MS-70 and MS-69 Graded Coins | The Value of Graded Coins vs Non-Graded Coins

Introductory guide to collecting MS70 and PR70 coins

Coins certified 70 are the best coins on the market and are virtually irreplaceable. Coins certified MS70 or PR70 are the pinnacle of the modern issue collectible coin market.

“Coin grade or condition” is a term used within the coin business to indicate the condition, amount of wear or state of preservation of a coin. The grade of a coin is important because it is one of the three critical factors in determining value and future price potential. The other two factors are rarity and demand.

In the United States coins are graded based on the Sheldon numerical scale created in 1949 by Dr. William Sheldon that grades coins from 1 (barely identifiable) to 70 (absolute perfection). Only a tiny fraction of the coins produced each year have the full strike and flawless surfaces required to be considered perfect mint state 70 (MS70) or Proof 70 (PR70). It’s no surprise that coins graded in MS70 or PR70 are highly sought after among collectors. As a result, coins with the grade of 70 generally tend to appreciate in value more quickly than coins in lesser grades. For example a 1995 PCGS certified American silver eagle is valued at $40 in MS69 and $4,000 in MS70. The Proof version of the 1995 coin struck at WestPoint has a list price of $3,400 in PR69 while the perfect PR70 coin lists for $30,000. Many perfect 70 coins issued after 1982 can still be bought for under $200. Buying modern issue 1982-2013 coins in perfect MS70 or PR70 condition soon after they are released is an inexpensive way to collect perfect coins!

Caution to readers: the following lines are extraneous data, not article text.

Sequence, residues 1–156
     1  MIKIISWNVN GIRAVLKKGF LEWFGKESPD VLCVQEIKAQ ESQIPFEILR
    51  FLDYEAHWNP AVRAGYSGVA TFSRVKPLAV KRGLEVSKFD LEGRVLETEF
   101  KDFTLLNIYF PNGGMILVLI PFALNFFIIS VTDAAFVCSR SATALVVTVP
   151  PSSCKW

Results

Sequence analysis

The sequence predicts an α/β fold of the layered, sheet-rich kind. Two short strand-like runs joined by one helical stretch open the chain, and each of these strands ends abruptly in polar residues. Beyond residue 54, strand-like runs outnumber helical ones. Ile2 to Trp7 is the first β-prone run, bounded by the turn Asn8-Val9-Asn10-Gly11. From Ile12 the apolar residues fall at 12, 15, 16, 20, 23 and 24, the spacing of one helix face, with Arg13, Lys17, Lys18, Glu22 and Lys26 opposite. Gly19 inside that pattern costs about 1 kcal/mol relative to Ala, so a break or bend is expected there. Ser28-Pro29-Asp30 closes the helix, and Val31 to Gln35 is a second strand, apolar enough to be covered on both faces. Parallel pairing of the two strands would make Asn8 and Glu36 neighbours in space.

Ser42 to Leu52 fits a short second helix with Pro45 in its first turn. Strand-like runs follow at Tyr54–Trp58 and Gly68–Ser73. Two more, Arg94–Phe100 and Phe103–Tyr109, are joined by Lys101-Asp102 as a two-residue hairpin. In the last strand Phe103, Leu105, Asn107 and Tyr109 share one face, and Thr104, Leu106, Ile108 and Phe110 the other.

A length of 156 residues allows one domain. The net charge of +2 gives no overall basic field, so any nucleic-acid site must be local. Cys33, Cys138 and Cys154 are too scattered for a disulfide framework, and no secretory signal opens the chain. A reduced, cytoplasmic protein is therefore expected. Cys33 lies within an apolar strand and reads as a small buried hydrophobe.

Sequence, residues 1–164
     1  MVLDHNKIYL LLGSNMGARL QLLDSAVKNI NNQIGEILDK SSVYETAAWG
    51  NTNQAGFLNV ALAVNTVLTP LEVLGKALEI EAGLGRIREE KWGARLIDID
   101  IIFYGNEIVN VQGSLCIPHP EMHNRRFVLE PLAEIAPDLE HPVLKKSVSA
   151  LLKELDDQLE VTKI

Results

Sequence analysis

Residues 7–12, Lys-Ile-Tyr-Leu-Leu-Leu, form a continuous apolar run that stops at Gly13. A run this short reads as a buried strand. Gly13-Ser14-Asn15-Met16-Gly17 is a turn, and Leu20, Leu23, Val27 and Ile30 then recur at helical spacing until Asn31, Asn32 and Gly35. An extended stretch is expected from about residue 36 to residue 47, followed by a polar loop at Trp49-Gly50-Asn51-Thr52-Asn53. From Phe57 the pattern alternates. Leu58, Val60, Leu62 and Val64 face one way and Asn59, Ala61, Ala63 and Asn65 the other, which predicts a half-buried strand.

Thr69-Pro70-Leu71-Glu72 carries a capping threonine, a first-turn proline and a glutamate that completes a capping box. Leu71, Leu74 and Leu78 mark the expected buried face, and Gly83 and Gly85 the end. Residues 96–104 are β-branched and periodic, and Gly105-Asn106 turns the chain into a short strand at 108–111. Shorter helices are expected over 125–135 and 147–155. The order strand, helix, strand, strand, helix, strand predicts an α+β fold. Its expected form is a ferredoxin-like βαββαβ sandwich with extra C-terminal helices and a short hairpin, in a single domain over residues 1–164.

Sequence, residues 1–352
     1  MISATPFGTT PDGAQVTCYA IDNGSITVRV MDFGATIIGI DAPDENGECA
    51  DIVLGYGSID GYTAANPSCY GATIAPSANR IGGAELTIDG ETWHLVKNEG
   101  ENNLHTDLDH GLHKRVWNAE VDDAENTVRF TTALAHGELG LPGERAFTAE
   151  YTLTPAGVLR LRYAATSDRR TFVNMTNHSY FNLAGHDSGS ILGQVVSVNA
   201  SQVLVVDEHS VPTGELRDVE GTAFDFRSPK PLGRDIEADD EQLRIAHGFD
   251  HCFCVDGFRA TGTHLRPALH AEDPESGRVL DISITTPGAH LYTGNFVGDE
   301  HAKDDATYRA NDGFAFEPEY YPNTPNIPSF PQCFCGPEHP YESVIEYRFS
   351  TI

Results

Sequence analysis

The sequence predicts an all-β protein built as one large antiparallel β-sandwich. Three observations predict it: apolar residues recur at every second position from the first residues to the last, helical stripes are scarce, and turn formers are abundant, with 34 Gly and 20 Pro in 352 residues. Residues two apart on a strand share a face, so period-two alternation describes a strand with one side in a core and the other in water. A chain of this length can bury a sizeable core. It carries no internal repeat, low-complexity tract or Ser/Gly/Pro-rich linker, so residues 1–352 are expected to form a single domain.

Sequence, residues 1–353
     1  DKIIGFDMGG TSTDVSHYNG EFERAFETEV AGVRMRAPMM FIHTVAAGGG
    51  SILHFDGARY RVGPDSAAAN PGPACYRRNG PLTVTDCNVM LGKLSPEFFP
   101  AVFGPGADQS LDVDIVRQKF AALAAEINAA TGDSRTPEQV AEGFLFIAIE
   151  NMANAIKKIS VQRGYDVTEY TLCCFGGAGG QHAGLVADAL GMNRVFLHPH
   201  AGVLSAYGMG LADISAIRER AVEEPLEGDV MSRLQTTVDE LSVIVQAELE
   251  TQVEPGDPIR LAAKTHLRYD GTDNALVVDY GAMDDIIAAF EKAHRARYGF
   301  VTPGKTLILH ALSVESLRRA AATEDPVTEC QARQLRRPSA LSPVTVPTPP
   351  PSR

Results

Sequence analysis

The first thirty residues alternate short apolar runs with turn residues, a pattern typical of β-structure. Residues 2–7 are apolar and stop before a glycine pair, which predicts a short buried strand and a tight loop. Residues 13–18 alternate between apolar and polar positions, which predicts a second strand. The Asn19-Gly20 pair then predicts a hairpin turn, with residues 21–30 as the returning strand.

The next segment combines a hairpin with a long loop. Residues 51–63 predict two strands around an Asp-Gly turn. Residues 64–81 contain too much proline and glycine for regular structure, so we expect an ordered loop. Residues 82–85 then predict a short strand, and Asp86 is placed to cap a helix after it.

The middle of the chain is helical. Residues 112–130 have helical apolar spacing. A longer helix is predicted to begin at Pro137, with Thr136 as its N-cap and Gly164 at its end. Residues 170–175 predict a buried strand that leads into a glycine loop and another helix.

Four independent coin-grading firms have gained prominence in providing unbiased third party evaluation of coins for a fee. They are in alphabetical order ANACS, ICG, NGC and PCGS. These organizations are staffed with well-trained and highly skilled experts in the art and science of coin grading. When you buy an independently graded coin certified by one of these organizations you can buy with confidence. These are the only four coin grading services recognized by EBAY.

What you get with a certified coin

When you buy a certified coin you are getting a guarantee from an independent third party source, ANACS, ICG, NGC or PCGS that your coin is authentic and genuine, that it has not been altered, tampered with or cleaned. Certified coins are set in clear plastic holders called “slabs”. These slabs are sonically sealed and tamper evident and help protect and preserve the coin in its original pristine MS70 or PR70 condition. A description of the coin and its numerical grade are sealed into the holder; making it easier to place a value on the coin when you want to sell it. Most coin collections are passed down from generation to generation, often the people inheriting the collection know very little about the coins, the certified holders will allow them to safely handle the coins without damaging them. The numeric grade will help them easily identify each coin and find its true value.

Handling Coins

Certified coins are encapsulated in clear plastic and can be handled without the fear of damaging the surfaces with oils and other contaminants on one’s fingers. The acid or other naturally occurring chemicals on your fingertips can leave a residue on a coin’s surface that can’t be removed. Improper handling of coins can cause abrasions, decreasing the value of the coin by exposing fresh metal that can oxidize and corrode.

Your questions Answered

What does it cost to have a coin graded?